The REAL story of thanksgiving explained by Susan Bates doesn’t have quite the same fuzzy feelings associated with it as the one where the Indians and Pilgrims are all sitting down together at the big feast.
We ALL need to learn the painful history of Thanksgiving so we do not live in lies. Abraham Lincoln proclaimed a day of Thanksgiving in 1863. The federal government declared the last Thursday in November as the legal holiday of Thanksgiving in 1898.
However, the meaning of Thanksgiving for Native Americans is filled with painful history which has been covered up with the Pilgrims and Indians story…
Most of us associate the holiday with happy Pilgrims and Indians sitting down to a big feast. And that did happen – once. The story began in 1614 when a band of English explorers sailed home to England with a ship full of Patuxet Indians bound for slavery.
They left behind smallpox which virtually wiped out those who had escaped. By the time the Pilgrims arrived in Massachusetts Bay, they found only one living Patuxet Indian, a man named Squanto who had survived slavery in England and knew their language.
He taught them to grow corn and to fish and negotiated a peace treaty between the Pilgrims and the Wampanoag Nation. At the end of their first year, the Pilgrims held a great feast honoring Squanto and the Wampanoags.
But as word spread in England about the paradise to be found in the new world, religious zealots called Puritans began arriving by the boatload. Finding no fences around the land, they considered it to be in the public domain.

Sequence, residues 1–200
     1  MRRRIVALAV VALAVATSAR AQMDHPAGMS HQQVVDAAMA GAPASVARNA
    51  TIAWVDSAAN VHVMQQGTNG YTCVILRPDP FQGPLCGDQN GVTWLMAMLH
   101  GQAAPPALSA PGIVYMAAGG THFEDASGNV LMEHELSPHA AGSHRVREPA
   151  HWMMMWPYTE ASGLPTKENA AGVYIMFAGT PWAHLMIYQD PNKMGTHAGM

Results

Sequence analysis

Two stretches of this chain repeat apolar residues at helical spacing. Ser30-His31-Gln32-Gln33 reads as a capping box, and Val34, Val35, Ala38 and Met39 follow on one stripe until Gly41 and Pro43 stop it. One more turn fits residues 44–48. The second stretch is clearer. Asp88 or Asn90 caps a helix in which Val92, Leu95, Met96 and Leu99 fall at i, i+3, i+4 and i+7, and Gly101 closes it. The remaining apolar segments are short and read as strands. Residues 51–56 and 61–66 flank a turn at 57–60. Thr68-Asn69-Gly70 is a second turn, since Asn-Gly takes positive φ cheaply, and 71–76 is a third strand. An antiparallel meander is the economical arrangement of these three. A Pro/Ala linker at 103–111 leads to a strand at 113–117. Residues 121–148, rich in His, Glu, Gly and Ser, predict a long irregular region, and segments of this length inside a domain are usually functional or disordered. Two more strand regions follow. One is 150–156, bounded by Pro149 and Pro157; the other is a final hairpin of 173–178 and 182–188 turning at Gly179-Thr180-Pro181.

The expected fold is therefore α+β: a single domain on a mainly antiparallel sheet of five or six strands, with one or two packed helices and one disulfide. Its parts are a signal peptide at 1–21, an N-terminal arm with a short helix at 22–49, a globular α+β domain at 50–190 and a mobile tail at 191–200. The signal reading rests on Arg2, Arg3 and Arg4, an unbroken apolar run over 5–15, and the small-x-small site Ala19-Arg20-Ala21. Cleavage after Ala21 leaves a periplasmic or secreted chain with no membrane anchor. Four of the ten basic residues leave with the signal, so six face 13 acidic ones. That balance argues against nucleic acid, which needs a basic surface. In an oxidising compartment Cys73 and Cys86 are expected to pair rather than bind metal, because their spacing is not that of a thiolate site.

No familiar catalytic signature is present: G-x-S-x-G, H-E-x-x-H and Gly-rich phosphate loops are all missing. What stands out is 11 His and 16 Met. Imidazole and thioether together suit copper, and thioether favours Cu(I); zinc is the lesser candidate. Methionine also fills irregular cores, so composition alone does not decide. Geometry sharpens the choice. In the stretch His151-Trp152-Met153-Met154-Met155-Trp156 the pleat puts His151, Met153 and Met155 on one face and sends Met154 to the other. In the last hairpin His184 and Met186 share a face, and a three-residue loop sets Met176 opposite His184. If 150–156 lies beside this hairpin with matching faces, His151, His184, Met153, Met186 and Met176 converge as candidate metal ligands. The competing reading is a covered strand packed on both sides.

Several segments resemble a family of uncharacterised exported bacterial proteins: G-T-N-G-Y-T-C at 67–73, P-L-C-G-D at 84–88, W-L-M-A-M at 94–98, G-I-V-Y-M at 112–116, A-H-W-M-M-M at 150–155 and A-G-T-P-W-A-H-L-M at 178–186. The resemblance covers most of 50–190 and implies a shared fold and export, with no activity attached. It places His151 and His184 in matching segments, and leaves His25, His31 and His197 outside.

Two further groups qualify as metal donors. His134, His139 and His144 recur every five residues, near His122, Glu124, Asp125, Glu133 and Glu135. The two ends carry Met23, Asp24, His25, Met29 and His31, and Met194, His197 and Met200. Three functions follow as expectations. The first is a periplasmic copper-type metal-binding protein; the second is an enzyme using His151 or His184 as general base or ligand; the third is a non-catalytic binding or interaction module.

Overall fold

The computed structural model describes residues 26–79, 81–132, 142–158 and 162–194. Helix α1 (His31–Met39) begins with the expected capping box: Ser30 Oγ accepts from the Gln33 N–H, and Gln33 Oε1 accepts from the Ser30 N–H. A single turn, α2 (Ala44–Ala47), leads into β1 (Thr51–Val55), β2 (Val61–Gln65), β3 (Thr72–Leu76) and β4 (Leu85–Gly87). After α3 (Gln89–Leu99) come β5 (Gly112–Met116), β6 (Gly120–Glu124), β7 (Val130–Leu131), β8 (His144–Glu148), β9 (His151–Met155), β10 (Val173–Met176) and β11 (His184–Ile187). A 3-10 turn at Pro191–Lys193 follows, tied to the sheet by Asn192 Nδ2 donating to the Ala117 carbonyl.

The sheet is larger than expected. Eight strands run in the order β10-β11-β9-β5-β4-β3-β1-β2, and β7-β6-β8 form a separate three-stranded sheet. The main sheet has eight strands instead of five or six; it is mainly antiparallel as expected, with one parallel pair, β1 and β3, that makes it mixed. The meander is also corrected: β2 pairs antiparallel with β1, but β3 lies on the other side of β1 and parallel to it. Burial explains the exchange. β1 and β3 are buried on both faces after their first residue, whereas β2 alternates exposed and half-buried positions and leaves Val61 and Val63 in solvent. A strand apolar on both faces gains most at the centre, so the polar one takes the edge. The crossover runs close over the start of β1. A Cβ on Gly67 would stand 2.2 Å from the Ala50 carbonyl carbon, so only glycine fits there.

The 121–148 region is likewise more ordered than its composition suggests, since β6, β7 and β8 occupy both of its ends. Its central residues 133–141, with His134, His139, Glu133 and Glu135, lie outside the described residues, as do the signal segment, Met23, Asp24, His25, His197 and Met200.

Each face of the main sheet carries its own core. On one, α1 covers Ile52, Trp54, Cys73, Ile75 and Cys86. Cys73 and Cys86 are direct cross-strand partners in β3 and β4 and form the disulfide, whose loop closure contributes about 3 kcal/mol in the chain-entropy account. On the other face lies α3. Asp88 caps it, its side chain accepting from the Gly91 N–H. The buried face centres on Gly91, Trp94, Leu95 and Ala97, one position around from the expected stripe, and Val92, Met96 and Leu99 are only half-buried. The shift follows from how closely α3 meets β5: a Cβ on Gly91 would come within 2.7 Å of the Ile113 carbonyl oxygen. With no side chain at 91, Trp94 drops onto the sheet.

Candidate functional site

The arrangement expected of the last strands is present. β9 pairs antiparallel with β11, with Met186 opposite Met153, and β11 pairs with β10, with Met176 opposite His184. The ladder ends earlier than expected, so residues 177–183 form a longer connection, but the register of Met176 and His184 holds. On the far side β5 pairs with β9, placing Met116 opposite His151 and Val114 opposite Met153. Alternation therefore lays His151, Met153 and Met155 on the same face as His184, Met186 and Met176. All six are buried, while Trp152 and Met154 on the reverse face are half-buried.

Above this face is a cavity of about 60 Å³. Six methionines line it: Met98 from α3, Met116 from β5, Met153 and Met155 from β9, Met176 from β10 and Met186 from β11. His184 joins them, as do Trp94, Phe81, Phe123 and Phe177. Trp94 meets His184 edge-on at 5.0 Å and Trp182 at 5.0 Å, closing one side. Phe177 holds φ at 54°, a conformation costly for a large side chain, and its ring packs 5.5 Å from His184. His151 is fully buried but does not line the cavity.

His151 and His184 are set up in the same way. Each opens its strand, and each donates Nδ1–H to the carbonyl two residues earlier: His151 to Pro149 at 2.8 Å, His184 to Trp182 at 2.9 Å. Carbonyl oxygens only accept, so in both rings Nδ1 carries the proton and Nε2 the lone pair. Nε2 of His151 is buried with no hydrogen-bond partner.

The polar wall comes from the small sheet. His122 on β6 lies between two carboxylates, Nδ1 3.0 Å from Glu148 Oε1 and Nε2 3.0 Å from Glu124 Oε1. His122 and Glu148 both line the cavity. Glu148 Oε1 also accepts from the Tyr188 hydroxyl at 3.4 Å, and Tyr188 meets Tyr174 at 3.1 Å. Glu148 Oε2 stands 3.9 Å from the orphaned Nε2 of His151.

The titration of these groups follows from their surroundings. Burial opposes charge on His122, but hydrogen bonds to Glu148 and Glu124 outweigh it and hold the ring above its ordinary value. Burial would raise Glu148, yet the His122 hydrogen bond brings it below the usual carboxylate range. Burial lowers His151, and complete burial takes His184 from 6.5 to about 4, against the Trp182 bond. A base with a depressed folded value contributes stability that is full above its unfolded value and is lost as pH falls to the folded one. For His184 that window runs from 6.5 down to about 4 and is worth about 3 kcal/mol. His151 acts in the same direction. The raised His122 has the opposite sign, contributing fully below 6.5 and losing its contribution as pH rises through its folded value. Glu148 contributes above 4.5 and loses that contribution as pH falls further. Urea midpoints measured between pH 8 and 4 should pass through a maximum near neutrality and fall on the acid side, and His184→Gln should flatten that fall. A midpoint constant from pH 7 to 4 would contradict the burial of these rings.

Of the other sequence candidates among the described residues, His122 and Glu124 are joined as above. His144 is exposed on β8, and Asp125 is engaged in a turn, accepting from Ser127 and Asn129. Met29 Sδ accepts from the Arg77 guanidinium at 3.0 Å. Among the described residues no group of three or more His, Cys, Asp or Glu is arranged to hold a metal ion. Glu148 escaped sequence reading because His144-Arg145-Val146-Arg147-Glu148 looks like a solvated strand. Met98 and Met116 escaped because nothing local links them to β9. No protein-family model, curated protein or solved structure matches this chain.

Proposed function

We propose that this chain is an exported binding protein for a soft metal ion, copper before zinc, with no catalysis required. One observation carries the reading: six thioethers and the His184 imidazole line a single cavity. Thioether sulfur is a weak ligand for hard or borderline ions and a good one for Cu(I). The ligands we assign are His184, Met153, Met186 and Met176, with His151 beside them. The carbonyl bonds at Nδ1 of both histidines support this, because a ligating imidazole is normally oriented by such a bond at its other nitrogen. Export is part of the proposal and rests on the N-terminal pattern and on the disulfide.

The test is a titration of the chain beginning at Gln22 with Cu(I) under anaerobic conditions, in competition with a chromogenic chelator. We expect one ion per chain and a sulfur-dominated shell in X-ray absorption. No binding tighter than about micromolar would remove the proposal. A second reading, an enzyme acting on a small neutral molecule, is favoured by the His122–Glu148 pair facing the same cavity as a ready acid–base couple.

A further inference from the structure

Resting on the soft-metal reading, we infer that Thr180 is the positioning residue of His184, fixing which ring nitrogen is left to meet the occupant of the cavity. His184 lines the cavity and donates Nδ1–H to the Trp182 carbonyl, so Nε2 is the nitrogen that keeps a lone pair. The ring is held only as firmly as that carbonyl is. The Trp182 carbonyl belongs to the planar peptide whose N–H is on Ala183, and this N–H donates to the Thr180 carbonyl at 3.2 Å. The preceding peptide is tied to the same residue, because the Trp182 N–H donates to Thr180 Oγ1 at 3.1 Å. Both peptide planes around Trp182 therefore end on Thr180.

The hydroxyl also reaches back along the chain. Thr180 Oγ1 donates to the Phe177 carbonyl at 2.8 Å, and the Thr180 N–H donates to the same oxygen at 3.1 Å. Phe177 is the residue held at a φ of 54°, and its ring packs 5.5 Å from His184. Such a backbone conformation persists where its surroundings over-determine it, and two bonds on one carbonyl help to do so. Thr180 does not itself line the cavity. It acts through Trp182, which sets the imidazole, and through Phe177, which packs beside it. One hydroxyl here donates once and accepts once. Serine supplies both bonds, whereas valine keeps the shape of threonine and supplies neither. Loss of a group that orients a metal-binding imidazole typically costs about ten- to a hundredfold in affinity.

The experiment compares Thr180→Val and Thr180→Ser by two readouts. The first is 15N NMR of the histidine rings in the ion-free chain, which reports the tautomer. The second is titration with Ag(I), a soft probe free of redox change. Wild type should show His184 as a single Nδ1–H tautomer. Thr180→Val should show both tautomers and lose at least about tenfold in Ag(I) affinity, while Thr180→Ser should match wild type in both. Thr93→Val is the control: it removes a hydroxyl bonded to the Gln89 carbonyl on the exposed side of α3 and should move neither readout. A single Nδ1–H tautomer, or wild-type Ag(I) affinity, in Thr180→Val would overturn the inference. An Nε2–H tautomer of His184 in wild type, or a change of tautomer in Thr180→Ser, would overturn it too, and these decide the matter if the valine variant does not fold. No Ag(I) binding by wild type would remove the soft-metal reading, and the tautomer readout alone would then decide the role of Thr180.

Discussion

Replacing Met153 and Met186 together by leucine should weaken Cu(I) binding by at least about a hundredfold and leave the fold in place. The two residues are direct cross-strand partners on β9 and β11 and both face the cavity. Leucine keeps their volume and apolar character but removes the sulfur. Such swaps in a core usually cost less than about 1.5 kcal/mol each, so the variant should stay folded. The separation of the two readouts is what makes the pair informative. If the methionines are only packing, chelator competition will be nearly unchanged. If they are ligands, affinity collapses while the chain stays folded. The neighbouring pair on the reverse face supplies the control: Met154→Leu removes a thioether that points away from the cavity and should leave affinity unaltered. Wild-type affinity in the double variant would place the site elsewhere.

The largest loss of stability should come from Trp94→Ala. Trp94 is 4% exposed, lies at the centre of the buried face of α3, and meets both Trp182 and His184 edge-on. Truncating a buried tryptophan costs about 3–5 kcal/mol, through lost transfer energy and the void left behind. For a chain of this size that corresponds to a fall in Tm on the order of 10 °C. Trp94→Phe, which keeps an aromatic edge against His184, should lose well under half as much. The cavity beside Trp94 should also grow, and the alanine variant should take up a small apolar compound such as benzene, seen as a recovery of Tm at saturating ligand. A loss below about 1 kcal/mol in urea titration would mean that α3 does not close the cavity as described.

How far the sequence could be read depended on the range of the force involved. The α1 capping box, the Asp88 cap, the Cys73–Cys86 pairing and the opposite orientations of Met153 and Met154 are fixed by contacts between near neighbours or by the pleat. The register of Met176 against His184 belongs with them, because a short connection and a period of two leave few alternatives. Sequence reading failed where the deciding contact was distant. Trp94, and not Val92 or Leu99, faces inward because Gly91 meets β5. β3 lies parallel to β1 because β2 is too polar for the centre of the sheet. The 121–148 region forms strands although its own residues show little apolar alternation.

Joined by other British settlers, they seized land, capturing strong young Natives for slaves and killing the rest. But the Pequot Nation had not agreed to the peace treaty Squanto had negotiated and they fought back.
The Pequot War was one of the bloodiest Indian wars ever fought. In 1637 near present day Groton, Connecticut, over 700 men, women and children of the Pequot Tribe had gathered for their annual Green Corn Festival which is our Thanksgiving celebration.
In the predawn hours, the sleeping Indians were surrounded by English and Dutch mercenaries who ordered them to come outside. Those who came out were shot or clubbed to death while the terrified women and children who huddled inside the longhouse were burned alive.
The next day, John Winthrop (1588-1649), the governor of the Massachusetts Bay Colony declared “A Day Of Thanksgiving” because 700 unarmed men, women and children had been murdered.
Cheered by their “victory”, the brave colonists and their Indian allies attacked village after village. Women and children over 14 were sold into slavery while the rest were murdered. Boats loaded with a many as 500 slaves regularly left the ports of New England.
Bounties were paid for Indian scalps to encourage as many deaths as possible. Following an especially successful raid against the Pequot in what is now Stamford, Connecticut, the churches announced a second day of Thanksgiving to celebrate victory over the heathen savages.
During the feasting, the hacked off heads of Natives were kicked through the streets like soccer balls. Even the friendly Wampanoag did not escape the madness. Their chief was beheaded, and his head impaled on a pole in Plymouth, Massachusetts — where it remained on display for 24 years.
The killings became more and more frenzied, with days of thanksgiving feasts being held after each successful massacre. George Washington finally suggested that only one day of Thanksgiving per year be set aside instead of celebrating each and every massacre.
This story doesn’t have quite the same fuzzy feelings associated with it as the one where the Indians and Pilgrims are all sitting down together at the big feast. But we need to learn our true history so it won’t ever be repeated.
The Real Story of “thanksgiving” By Susan Bates
Next Thanksgiving, when you gather with your loved ones to Thank God for all your blessings, think about those people who only wanted to live their lives and raise their families. They also took time out to say “thank you” to Creator for all their blessings.
SOURCE: “The Real Story of “thanksgiving” By Susan Bates”